On my last evening in Beppu I had a beautiful dinner with one of my interpreters Ayako. We enjoyed a local dish called Dango Jira (very thick large Udon noodle with soup: more like Cannelloni than noodle). The onset of Typhoon 12 meant it was raining outside so the Dango Jira was very comforting.
After dinner Ayako took me to Hyotan Onsen, a very respected Onsen in Beppu. She taught me the traditional process of washing and preparing and then we enjoyed the Onsen. This was not an ultra hot Onsen, so it was a good place for me to start. There were many different types of baths; inside and outside baths; steam baths or Japanese saunas; sand baths and water fall baths.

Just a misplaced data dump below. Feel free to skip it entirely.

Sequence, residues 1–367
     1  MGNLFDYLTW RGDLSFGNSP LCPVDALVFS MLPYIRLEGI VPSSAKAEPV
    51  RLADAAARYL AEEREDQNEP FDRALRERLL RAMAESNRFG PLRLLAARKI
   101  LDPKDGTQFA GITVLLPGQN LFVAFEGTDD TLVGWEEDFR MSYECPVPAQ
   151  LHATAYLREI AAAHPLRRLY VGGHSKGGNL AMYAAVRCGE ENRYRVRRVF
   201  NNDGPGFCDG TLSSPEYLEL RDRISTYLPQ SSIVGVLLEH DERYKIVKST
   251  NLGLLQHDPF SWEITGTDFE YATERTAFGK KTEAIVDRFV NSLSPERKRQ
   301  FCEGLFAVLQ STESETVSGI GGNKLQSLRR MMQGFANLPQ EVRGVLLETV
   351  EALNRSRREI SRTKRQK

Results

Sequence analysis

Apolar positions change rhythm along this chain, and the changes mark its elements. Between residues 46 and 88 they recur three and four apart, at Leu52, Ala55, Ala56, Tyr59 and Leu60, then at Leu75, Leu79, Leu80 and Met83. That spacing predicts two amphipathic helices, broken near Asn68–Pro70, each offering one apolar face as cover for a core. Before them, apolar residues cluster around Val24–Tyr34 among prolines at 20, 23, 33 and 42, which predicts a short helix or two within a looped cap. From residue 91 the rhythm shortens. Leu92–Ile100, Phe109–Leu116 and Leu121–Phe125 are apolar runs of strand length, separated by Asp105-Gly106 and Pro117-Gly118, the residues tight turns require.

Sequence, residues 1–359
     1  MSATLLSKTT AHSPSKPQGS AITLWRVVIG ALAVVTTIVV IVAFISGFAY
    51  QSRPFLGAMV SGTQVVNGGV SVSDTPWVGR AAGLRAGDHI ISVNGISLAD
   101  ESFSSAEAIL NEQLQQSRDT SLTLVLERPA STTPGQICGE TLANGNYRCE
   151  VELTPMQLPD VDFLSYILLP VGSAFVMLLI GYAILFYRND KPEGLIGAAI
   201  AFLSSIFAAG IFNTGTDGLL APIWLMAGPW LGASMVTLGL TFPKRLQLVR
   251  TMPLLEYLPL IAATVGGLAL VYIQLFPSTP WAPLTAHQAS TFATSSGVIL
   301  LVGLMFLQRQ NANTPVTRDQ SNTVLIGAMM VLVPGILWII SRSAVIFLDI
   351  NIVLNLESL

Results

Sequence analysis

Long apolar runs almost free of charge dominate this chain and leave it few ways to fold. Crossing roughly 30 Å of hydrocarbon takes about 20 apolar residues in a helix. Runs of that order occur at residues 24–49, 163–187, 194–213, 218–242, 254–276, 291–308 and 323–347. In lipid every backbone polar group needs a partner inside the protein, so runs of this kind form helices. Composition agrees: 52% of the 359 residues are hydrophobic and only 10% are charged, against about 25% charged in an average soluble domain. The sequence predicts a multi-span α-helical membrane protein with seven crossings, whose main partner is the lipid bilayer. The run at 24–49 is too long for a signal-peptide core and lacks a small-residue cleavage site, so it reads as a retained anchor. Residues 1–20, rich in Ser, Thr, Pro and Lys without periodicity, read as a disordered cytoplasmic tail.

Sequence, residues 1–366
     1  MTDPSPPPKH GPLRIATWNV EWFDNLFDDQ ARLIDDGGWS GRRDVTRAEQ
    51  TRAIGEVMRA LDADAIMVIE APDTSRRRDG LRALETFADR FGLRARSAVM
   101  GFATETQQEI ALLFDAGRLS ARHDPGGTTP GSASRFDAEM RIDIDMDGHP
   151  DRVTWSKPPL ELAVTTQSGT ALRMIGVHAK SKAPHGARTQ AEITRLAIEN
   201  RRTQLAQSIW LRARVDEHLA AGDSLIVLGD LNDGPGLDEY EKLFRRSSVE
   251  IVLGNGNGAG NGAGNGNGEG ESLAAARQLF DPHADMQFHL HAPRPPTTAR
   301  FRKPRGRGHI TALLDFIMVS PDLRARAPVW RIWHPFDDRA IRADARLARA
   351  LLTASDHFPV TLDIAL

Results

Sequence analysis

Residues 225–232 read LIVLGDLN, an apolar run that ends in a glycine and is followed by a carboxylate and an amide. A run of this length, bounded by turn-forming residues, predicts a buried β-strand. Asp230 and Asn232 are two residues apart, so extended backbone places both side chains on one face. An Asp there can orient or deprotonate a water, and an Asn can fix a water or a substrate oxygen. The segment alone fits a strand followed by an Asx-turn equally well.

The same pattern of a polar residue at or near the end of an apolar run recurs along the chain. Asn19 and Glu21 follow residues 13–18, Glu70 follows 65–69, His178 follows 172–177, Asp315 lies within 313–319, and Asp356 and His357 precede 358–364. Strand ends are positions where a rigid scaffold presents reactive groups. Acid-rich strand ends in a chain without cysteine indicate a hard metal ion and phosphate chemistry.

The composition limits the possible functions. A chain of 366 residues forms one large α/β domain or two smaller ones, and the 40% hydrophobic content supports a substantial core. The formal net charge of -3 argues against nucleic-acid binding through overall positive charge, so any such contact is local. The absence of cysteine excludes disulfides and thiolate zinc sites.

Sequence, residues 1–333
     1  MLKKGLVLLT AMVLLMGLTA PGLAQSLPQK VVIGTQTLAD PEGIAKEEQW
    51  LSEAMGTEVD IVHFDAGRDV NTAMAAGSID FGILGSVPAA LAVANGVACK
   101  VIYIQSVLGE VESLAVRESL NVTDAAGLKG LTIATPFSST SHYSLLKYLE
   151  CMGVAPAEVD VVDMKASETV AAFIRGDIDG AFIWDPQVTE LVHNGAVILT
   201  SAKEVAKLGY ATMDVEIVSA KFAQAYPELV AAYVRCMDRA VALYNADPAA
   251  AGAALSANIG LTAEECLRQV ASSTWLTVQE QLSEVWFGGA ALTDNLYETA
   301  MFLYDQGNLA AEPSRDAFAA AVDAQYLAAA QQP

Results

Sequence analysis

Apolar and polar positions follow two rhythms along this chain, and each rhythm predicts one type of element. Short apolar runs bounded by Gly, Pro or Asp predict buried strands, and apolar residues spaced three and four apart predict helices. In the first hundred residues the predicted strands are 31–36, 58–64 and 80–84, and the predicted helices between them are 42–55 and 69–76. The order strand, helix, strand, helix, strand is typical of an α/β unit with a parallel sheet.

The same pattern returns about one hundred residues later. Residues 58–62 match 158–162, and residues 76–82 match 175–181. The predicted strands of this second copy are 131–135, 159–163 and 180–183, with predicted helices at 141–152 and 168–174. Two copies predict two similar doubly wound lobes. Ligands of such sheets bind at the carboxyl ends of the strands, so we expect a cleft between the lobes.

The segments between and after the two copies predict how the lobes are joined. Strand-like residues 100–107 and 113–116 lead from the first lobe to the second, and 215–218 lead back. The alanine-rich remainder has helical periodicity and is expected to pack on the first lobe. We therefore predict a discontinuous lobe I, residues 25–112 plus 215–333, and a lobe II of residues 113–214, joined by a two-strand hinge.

To feel the water, the steam and scent of the spring was both grounding and uplifting. While you are aware of the extents of your body through the water, your stress rises off you with the heat and the steam. And then imagine the feeling of the water jets falling onto you; 100 little horses running across your back; the beating sound and the sensation; a completely grounding experience.
Beppu’s hot springs are its life force; they run through its streets, form an integral part of everyday Beppu life: connecting one to this place.